Fidel Castro has been a source of annoyance for the United States since his taking power in a coup of the Batista regime in Cuba. I have been completely immersed in a study of Castro over the past two weeks and I have been surprised by the findings I have come across. Castro really was not the great architect that he has been made out to be by the newspapers, professors, and others. All the biographies I read which are listed below show Castro as a man who did not always have a plan and when he did it was not well thought out. Castro always seems to be believing his own facts and not listening to anyone else. Raul Castro his brother is the only person who seems to have any influence and even he is kept at arms length. Che, Mirta, even the images of the revolution and the July 26th movement have all been brushed aside recently as Castro has realized his whole life has essentially been a sham. The moncada attacks which were a terribly misguided assault on a heavily armed barrack that Castro carried out in his initial revolution attempt which ended up with him in prison. Castro did manage to turn that trial into an effective show. Now despite what is said above Castro does have one very useful talent. The man can talk for hours on end about a subject and make a convincing argument. I found it interesting that Castro when he goes to make a speech removes his gun from his holster and sets it on the podium and gives a four hour talk. During his tenure as “maximum leader” he made many such speeches that convinced people of his ability to know what was happening.1 I would recommend that the future of Cuba will be very important and I think it is one county that once Castro is gone would be easy to save. Raul Castro is not the ideologue his brother is and it was primarily Che who convinced Castro to be a communist it could easily be a new society and helpful to the United States. The Cuban economy is in desperate need of repair and like the transition economies of Eastern Europe it can be done. Capitalism can heal the wounds inflicted upon this country as it did in Czech Republic, Slovakia, Poland, and Hungary. These countries rebounded very well and are moving into ascension of the European Union. This will be one of the most important issues in the next decade as Castro slowly fades into the history of Cuba.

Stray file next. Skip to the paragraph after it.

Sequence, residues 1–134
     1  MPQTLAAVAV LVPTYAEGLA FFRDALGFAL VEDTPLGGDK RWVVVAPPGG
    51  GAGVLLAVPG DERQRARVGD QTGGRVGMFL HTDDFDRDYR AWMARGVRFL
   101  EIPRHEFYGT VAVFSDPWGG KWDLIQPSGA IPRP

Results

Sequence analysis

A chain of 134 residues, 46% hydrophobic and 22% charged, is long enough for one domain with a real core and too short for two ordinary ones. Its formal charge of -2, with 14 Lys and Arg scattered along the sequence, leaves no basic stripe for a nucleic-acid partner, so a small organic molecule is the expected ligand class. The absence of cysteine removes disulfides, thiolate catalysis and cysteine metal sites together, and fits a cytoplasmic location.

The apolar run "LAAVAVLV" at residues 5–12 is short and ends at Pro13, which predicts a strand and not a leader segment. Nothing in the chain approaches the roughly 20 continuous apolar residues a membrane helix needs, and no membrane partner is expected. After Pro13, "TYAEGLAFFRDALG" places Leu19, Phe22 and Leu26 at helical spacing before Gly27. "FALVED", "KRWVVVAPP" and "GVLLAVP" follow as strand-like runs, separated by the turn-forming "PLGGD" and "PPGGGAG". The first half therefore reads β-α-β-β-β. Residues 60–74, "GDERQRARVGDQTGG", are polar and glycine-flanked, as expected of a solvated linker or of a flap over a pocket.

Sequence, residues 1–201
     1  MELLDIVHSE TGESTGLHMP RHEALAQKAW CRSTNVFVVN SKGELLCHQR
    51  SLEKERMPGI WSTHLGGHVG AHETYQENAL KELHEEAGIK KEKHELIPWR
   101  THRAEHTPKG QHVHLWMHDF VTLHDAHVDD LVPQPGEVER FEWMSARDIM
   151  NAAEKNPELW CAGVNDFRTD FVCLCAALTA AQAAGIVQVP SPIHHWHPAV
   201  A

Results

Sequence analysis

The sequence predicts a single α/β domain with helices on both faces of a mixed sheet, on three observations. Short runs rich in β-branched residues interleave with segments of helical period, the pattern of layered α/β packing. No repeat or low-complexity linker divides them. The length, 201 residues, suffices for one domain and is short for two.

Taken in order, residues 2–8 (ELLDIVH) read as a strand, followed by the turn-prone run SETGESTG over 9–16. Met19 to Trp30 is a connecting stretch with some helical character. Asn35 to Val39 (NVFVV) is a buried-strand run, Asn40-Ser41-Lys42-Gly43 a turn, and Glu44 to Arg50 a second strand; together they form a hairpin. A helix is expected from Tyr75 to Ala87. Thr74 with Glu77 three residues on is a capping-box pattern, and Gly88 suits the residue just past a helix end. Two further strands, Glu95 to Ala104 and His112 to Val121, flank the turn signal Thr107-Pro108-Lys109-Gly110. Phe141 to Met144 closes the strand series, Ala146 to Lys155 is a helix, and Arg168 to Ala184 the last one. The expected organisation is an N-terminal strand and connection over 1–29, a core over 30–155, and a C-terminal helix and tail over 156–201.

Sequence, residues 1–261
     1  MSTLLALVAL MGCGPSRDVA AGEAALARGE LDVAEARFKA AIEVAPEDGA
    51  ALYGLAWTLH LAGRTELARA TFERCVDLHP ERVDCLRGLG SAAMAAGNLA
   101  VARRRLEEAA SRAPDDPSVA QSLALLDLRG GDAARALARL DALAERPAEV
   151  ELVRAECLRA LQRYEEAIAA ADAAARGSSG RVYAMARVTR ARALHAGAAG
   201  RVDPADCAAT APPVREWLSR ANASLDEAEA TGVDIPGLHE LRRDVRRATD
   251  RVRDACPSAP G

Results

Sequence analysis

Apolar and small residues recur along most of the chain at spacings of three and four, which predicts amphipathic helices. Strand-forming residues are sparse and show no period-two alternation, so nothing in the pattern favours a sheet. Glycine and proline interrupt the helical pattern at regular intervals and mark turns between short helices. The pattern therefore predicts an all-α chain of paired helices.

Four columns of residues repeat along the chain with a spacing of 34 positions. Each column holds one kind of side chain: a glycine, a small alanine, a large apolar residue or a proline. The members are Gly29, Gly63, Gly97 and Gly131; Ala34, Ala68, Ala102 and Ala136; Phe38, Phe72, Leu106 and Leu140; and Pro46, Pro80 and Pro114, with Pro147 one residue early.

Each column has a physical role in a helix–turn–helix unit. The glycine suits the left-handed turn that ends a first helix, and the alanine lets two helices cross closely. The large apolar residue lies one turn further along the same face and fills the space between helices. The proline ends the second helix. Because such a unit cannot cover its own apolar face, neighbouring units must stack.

1. Fidel Castro by Robert Quirk